Research for a net-zero future: MEI Symposium 22

The Melbourne Energy Institute’s major annual event delivered a packed schedule of new multi-disciplinary research towards a clean energy future

Daniel Westerman addresses MEI Symposium 22

Photos by Ross Bird/Peter Casamento Photography

The Melbourne Energy Institute in December hosted MEI Symposium 22, an all-day showcase of the latest in multi-disciplinary energy research from across the University of Melbourne and beyond.

The theme was set in an opening plenary keynote on Paving the way to Australia’s net-zero future, delivered by Mr Daniel Westerman, Chief Executive Officer of the Australian Energy Market Operator (AEMO).

Drawing insights from AEMO’s Quarterly Energy Dynamics reports, which are presented regularly at MEI, the keynote explored the changes needed for a smooth transition to a net-zero energy system in Australia.

“The first step towards a net-zero economy is a net-zero energy system,” Mr Westerman said in his opening address. “Creating a net-zero electricity system is possible because the way Australia generates electricity is changing.”

Mr Westerman predicted that as Australia moves away from dependence on coal, our energy future will be built on four pillars: low-cost renewables, firming technology to fill the gaps, new transmission networks, and grids running on renewable energy.

With abundant opportunities for wind, solar and hydro resources, Mr Westerman predicted that Australia’s future grids will be able to run at times entirely on renewable energy. Firming technology like pumped hydro, batteries and gas generation can be relied on to fill any peaks and gaps. New transmission will be needed to power our towns and cities these through new and diverse low-cost sources of energy.

MEI Director, Professor Michael Brear, welcomed attendees back to the Parkville campus after a few interrupted years, and introduced the topics for the day’s discussions.

“This was our first event since early 2020 that was solely face-to-face,” he said. “What a joy to see so many of our students and younger researchers present their work, discuss and debate their findings, and learn from leaders in the sector about the massive opportunities that the energy transition presents. MEI is very grateful to all of our presenters and attendees for making the day a great success.”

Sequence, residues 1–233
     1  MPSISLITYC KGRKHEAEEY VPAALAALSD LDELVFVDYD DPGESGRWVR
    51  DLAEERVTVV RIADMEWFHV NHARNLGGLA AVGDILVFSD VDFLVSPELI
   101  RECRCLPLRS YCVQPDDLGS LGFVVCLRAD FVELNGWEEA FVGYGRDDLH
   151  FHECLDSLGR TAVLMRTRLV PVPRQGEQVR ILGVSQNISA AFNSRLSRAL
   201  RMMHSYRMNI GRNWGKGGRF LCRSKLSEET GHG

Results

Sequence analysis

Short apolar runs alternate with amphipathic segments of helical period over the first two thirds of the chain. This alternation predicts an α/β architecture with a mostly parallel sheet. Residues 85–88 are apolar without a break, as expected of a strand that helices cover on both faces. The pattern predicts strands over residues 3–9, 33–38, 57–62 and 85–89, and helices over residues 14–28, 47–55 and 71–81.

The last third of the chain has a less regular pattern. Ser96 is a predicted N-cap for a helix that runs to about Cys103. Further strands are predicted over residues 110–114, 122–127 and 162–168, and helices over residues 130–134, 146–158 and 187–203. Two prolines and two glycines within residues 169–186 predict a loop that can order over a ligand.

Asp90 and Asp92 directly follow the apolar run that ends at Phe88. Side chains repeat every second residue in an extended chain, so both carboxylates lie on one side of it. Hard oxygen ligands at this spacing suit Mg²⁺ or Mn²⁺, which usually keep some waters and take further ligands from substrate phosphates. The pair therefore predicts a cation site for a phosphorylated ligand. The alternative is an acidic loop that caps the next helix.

Audience members at MEI Symposium 22

A packed schedule of speakers represented disciplines from across the University of Melbourne, as well as from industry and interstate.

Parallel sessions throughout the day covered MEI’s four Research Programs: Energy Systems, Energy Materials, Power Generation and Transport, and Hydrogen and Clean Fuels.

The Energy Systems session opened with a keynote by Professor Tapan Saha from the University of Queensland, on overcoming the operational challenges of renewable-dominated grids. For Energy Materials, the keynote came from Professor Xiaojing Hao from UNSW Sydney, who gave an update on new technologies for increasing the efficiency of solar cells.

In an afternoon session on Power Generation and Transport, Associate Professor Yi Yang from the Department of Mechanical Engineering at the University of Melbourne discussed his research on decarbonising combustion with carbon-neutral fuels. In the parallel Hydrogen and Clean Fuels stream, Professor Karen Wilson from RMIT University delivered findings on tailoring multifunctional catalysts for making clean fuels.

In total, more than 60 people presented their research during the Symposium. Students and Post-Doctoral Research Fellows competed for $8,000 in prizes for Best Presentation and Best Poster in four categories, following the themes of the four MEI Research Programs. Prize winners will be announced before the end of the year in the energy@melbourne newsletter.

Poster competition at MEI Symposium 22

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